By Symi Rom-Rymer
The mock outrage and cheap scoring of political points that has ensued in the wake of a Haaretz interview with Hannah Rosenthal, the new U.S. Special Envoy to Combat and Monitor Anti-Semitism, is quite a thing to behold. Conservative American Jewish leaders made it clear from the moment that Rosenthal’s appointment was announced that they were upset with the Obama administration’s decision. From writing open letters (Abe Foxman) to writing condescending op-eds, (Gregg Rickman) those who disagree with her views have sought to undermine her judgment and competence from the start. Continue reading
By Sarah Breger
Grandma is fighting back. The Center for Women’s Justice, the Israeli non-profit organization dedicated to upholding a woman’s right to just treatment in the Rabbinical Courts in Israel has created a series of web clips highlighting the injustices and injuries that result from the very workings of the courts. Issues such as agunah, conversion and divorce have been reported about in the Israeli and Jewish press for years but these videos are hoping to reach a broader audience and make the public sit up and pay attention to the biases of the rabbinical courts that act behind closed doors.
In each video the fictional character, Savta Bikorta (Critical Grandma) tells a true story revolving around the Rabbinate. In one, the rabbinical courts rule that although a husband is molesting his daughter the courts will not force him to give his wife as divorce since the molestation of the daughter is not a marital issue. In another, a woman who went to the courts to receive a divorce was instead informed that she and her children were not Jewish anymore.
The cloying sweetness of Savta coupled with the tragic stories she is telling put the issues into stark relief.
So far CWJ has produced one English Savta Bikorta video (link below) and four Hebrew ones (with English subtitles). It is hard to know what impact they will have. After seeing them all there is not much to do—just sit and fume. But who knows, if Grandma can fight back why can’t we?
By Caroline Kessler
Well, that’s what we’ve got at the Alyn Hospital in Jerusalem, where two eight-year-olds from differing backgrounds are recovering from wounds inflicted by distressingly similar causes. Ethan Bronner’s carefully poignant article, “A Mideast Bond, Stitched of Pain and Healing” appeared in The New York Times on New Year’s eve-eve. Perhaps this signified the ushering in of a new age and a new feeling towards writing on the Middle East.
Or perhaps not. Nevertheless, it’s a compelling tale of two kids, Orel and Marya. They play together in hospital corridors and they play their expected roles: he’s a Jewish Israeli injured by a Hamas rocket, she’s a Muslim from Gaza who was injured by an Israeli missile. In the vein of articles on transcending the changing borders of Israel and the Palestinian territories, Brommer shows that relationships can transcend things like borders as well. Continue reading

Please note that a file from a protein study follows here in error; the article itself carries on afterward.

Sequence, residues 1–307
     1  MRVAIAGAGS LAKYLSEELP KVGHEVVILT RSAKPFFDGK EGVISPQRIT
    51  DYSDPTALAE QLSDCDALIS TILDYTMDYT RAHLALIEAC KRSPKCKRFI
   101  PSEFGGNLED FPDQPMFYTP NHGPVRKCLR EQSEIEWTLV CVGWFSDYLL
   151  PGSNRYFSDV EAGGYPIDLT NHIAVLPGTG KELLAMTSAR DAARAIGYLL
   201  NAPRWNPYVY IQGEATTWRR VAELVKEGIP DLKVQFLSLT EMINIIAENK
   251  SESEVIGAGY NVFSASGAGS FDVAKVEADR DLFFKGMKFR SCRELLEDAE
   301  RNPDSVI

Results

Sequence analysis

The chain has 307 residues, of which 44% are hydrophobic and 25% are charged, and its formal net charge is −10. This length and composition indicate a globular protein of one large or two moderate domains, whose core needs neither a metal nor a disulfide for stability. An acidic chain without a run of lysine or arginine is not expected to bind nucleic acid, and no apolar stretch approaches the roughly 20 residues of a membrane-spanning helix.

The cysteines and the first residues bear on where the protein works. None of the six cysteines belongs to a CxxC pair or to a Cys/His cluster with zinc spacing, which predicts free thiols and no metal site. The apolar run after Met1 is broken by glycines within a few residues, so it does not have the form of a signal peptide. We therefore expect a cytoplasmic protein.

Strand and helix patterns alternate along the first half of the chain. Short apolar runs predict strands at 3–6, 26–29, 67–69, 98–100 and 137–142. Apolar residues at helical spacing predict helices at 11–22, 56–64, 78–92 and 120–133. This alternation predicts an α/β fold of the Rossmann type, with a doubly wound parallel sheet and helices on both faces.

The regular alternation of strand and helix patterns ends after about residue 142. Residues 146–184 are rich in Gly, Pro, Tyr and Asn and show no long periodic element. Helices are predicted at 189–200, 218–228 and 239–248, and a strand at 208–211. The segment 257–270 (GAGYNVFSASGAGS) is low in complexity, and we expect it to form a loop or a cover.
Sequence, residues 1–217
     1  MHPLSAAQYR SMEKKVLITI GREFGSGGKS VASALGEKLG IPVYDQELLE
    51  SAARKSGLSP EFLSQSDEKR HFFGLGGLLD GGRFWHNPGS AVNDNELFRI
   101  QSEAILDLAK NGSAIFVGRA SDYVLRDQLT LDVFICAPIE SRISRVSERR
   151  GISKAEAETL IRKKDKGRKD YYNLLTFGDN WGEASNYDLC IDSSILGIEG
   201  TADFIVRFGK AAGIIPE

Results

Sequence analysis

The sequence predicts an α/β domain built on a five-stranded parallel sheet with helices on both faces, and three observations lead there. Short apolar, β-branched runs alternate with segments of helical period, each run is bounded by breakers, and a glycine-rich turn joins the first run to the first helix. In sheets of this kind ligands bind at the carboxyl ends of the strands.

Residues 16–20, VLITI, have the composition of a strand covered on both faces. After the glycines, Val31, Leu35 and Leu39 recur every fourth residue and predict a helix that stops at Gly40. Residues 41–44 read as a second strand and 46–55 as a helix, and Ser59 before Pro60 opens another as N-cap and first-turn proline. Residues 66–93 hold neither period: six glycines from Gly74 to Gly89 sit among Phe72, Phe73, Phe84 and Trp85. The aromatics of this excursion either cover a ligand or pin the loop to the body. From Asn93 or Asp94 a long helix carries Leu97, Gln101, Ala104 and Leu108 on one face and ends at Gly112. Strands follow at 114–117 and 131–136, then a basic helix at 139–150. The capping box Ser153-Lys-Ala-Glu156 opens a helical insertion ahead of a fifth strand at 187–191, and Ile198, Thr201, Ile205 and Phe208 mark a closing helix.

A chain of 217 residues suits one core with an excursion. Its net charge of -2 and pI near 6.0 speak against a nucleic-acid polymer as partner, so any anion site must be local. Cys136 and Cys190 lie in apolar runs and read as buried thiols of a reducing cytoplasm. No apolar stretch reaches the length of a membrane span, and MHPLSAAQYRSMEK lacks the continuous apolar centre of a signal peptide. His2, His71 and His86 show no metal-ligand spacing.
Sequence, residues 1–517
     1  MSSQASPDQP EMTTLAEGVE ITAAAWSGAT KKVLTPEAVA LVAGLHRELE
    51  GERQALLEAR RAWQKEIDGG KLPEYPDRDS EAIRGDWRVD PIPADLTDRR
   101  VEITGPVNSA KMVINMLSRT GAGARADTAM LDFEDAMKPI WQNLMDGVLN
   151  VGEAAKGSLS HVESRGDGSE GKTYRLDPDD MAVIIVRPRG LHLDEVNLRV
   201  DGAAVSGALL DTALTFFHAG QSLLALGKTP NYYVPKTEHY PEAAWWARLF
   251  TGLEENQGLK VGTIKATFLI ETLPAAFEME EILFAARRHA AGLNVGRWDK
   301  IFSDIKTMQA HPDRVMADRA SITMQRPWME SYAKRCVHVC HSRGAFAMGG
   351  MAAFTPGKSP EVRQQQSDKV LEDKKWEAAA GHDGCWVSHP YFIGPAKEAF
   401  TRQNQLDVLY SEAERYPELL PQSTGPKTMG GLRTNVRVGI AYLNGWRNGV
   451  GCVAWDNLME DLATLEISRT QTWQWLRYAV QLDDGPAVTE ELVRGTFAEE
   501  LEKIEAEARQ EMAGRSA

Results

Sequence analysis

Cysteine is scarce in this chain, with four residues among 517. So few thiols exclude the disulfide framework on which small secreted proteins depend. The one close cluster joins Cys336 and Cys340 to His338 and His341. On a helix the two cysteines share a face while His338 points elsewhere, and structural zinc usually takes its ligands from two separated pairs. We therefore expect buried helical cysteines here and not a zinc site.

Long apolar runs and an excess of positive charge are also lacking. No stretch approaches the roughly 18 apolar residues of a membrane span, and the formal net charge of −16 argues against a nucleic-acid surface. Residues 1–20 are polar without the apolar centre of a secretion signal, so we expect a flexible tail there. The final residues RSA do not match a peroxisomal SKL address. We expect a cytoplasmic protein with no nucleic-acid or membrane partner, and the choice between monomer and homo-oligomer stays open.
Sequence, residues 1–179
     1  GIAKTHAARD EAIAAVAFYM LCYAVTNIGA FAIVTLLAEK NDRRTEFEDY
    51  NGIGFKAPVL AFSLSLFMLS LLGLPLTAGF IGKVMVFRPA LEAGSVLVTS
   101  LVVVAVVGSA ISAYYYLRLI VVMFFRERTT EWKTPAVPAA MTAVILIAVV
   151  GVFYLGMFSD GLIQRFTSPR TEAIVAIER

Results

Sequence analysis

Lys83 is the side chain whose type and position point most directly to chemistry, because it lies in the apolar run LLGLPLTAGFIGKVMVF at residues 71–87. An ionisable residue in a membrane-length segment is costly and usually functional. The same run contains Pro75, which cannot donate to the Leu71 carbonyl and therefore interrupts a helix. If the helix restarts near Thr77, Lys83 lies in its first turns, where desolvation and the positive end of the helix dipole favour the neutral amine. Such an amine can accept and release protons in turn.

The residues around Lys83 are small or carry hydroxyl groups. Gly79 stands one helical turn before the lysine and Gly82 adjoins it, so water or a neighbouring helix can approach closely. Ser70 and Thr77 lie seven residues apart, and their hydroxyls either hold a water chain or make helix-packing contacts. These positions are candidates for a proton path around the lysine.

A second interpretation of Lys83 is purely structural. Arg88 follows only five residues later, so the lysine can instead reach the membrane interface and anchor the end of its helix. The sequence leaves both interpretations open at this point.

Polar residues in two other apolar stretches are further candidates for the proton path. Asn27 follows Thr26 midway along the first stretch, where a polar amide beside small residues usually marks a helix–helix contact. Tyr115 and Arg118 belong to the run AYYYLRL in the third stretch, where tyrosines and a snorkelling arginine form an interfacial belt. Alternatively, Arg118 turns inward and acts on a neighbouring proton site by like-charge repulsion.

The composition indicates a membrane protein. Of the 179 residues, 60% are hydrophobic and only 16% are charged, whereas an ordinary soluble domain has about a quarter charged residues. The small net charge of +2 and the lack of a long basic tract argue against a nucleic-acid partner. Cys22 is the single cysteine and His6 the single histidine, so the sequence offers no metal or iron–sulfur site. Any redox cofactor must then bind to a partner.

By Sarah Breger
Going to Mommy Queerest at Theater J the other night was a bit like going to Miami—the theatre was packed with old Jews and gay people. Luckily, I love both. The one-woman show starring comedian Judy Gold relates the story of her life, her family and her quest for her own TV sitcom through jokes, songs and the occasional Mary Tyler Moore impersonation. Gay, Jewish, the mother of two children and the daughter of the stereotypical Jewish mother on steroids, she has one heck of a story to tell. Gold describes everything from growing up as a tall outcast in high school to realizing her dreams of being a comedian at Rutgers, to her first girlfriend and subsequent breakup, to her current relationship. Most of this is told through the lens of the TV sitcoms of her youth that she watched as an escape from her stifling New Jersey home. Shows like The Partridge Family and Welcome Back, Kotter informed her views of what family and the world should be like. Unfortunately, it was those parts that often fell flat for me (although admittedly it might be generational—if she had been discussing Full House or 90210, I might have found it hysterical). The parts that were the funniest were when Gold described her relationship to her parents, such as the one time her father asked if she was gay and she denied it or her mother’s paranoia about potential anti-Semitism (“But would they hide you?” she asked of all Gold’s non-Jewish friends).
These autobiographical performances seem to be increasingly popular and but often veer into the self-indulgent (for example, Billy Crystal’s 700 Sundays), but Gold manages to avoid that pitfall and create a moving and engaging show. During the second half of the performance, Gold takes us through the various pitches for her show she made with different studios and producers who couldn’t understand the concept of a “manless” marriage or the lack of hot lesbian love scenes.
Unfortunately the play does not go very deeply into Gold’s life—she describes herself as an observant Jew and a lesbian, yet any stories of her grappling with her sexuality or dealing with it in high school or college are missing, as is any information about her faith. Gold ends with an impassioned plea for the legalization of gay marriage—it is one of the only serious parts of the whole production but it hits exactly the right tone and comes off as sincere and not self-righteous. The show kept me laughing the whole time, and even though the production is ending its run at (the truly terrific) Theater J, it is worth seeing on tour. And if Gold finally gets her own sitcom, I for one would watch it.